Trek Verve+ 3 Review – $3k Approachable & Feature-Rich Commuting Ebike

(bell chiming) – What's going on guys. Today we're checking out the
Verve+ 3 from Trek Bikes. Now this is the third
generation of the Verve+. The Verve model from Trek is one of their most popular
non-electric bikes, all right. So then they made the
verve+ model electrified it, and then they've made a
verve+ 2 and a verve+ 3. There's not a whole lot of
changes on the verve+ 3. Now, if you've already seen my
review of the Trek Verve+ 2, or have been checking
out from other places, I'm just gonna run through
the changes real quick. And then we'll dive into the review, and talk about all the components
in depth and all of that. So not a whole lot of changes.

The biggest of which is that
they've upgraded the battery and the motor so much better
electrical drivetrain here. Before we had a powerpack battery, the Bosch powerpack 400
that sat mounted on top of the downtube. Now we've got the Bosch
powertube integrated into the frame here, really
nice sleek integration. And this is actually compatible
with the Bosch range boost. So you've got these three
bottle cage bosses here and the little port right up here. So there's a Bosch range boost
option where you basically, you mount a special frame on right here that can then hold a powerpack battery. So you can double your
range really easily. But if you just wanna use
the standard battery pack, this is a 500 watt hour
approximately pack, versus being just shy of
400 for the verve+ 2 model. So that's a nice change right there. You've also got a slightly
more powerful motor here.

We've upgraded to the Bosch Active Line Plus
Mid-Drive Motor here. Last time it had the Bosch Active Line, just the standard one, no plus. So what this does for you, it's just a little bit more powerful. It's still pretty close to the same motor, but if you ride them back to back, you'll definitely notice the difference. You get more torque here, 50
Newton meters, instead of 40, it can handle a higher pedal cadence of 105 revolutions per minute, instead of just a 100 on
the standard active line, a little bit higher max assist of 270%, instead of 250% before. It does weigh a little bit more now. It weighs 7.1 pounds instead of… I wanna say it was around 6.4 before. So a little bit of a blade bump, but you get a pretty good
performance bump there. You can really tell a difference, especially if you have that
shifted up into your turbo mode, to get the maximum assist. It is noticeable. I do like having more power on it.

Those are the two biggest changes here. There's some more minor ones. The tires have changed. It's still Bontrager, which is Trek's in-house brand. But now we've got these E6 tires instead of the old age H5s. Now these are a little bit wider. You're looking at a 50c here, 700c X 50c, versus last year's generation was 45c, for the width on the tire. So that means you get a
little bit more volume, a little bit more comfort out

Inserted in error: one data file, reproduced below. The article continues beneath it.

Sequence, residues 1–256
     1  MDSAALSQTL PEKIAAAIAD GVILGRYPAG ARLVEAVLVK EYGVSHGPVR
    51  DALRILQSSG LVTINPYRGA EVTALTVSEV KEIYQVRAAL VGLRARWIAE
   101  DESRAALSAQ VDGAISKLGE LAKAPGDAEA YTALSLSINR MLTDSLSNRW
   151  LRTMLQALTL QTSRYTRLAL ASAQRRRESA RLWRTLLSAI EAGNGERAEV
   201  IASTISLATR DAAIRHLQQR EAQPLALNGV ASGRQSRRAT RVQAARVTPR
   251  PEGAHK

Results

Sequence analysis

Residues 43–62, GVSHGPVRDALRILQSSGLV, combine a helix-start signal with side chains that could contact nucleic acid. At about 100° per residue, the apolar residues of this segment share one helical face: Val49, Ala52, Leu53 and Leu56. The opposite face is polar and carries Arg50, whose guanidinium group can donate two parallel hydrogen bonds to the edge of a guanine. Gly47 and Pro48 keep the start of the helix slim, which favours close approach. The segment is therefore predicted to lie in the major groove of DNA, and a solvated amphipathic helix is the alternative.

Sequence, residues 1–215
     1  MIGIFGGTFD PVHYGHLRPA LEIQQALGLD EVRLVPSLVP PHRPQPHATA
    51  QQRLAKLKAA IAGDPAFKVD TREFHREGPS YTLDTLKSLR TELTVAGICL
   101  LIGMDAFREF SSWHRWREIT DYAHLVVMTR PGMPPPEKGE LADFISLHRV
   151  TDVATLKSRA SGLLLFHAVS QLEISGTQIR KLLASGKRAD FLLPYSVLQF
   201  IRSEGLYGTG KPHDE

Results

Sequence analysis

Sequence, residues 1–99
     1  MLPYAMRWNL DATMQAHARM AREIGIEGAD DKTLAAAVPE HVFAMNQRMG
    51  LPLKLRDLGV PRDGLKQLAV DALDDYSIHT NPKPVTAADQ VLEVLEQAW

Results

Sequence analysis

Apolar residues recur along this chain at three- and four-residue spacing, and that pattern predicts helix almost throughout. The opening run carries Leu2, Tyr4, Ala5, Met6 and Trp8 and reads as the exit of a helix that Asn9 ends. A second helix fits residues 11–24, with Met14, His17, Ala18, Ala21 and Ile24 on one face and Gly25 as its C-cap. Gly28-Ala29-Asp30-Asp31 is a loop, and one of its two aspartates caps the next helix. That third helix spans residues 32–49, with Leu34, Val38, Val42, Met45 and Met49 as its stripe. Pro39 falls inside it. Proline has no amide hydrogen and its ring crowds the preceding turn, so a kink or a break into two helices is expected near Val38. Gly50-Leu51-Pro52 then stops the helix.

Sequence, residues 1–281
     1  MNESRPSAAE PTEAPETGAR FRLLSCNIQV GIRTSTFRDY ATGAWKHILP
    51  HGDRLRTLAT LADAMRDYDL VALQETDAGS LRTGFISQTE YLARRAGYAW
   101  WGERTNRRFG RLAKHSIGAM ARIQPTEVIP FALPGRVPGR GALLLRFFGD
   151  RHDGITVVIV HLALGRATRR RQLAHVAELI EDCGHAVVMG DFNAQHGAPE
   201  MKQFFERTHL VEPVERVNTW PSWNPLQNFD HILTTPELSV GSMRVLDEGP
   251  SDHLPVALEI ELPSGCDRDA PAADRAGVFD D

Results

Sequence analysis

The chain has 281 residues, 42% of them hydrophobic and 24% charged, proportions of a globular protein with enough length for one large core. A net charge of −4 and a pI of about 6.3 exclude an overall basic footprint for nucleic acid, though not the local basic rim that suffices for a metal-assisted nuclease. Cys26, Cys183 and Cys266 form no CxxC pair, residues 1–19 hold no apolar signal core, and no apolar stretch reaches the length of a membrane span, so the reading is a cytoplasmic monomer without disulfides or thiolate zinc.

of those, not a huge amount, but it does make a difference.

Other than that, pretty much the same here. The puncture protection
labeling on them has changed. So before it was the Hard-Case, Ultimate puncture protection, and now it is called hard-case light. I don't know what the
difference is between those, or the construction on those. I wasn't able to find any info online, so that's near interesting, but it should effectively
amount to the same thing. They've still got this nice
hybrid tread pattern on them. Got the reflective sidewalls striping. So solid tires, all around. One other change is that the
fork here is now an alloy fork, instead of being solid steel before. Now steel has some
vibration damping qualities, which can help to smooth
out the ride a little bit, but when it's just the fork, it's a pretty minor difference, all right. So it has switched over to
alloy, which is lighter. Now the whole bike here weighs 55 pounds. This is a small frame on it right here.

Now normally I would be
riding an extra large frame cause I'm tall, six foot three, but this was the only version, that Trek had available for me to test. So I'm working with what I got here. Now they do offer a lot
of sizes on the verve+ 3. So if you get the step-through model, which is what we have here, then you can do small, medium or large, and then if you get the high-step model, then you can go medium,
large or extra large. Lots of sizes to fit a
wide range of riders, which is awesome. This is really one of
the perks that you get, if you buy from somebody like Trek, right? There's a big range of sizes. They've got dealers all over the place. So you can go in, you can get test rides, and you can get it
fitted perfectly for you. Really nice benefit that you don't get if you were to buy online, whether that's from like one
of the online-only dealers, you know, like Sandos, Telstra like that, or, you know, there's even
some hybrid ones, right? Like Aventon where they do have dealers, but not a ton of dealers.

So depending on where you live, you might have to order it online. So at Trek it's easy to find
the dealer go in, get fitted. Really a nice benefit to be